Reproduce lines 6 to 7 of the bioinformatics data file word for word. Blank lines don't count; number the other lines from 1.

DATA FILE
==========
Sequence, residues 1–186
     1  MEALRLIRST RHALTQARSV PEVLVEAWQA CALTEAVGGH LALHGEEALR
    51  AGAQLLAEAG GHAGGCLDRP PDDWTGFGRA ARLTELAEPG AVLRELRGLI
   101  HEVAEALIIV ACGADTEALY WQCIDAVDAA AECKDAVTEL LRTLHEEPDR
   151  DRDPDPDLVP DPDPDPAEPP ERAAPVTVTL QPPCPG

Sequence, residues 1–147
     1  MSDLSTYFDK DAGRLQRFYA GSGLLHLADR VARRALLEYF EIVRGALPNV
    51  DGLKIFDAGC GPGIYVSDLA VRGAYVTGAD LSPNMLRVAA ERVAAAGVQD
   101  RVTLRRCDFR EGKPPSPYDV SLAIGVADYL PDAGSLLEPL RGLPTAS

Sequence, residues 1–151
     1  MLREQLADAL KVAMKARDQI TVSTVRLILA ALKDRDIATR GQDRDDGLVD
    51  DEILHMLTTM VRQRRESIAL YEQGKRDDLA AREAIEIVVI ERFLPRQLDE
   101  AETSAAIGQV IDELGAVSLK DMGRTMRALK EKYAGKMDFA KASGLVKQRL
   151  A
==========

Sequence, residues 1–147
     1  MSDLSTYFDK DAGRLQRFYA GSGLLHLADR VARRALLEYF EIVRGALPNV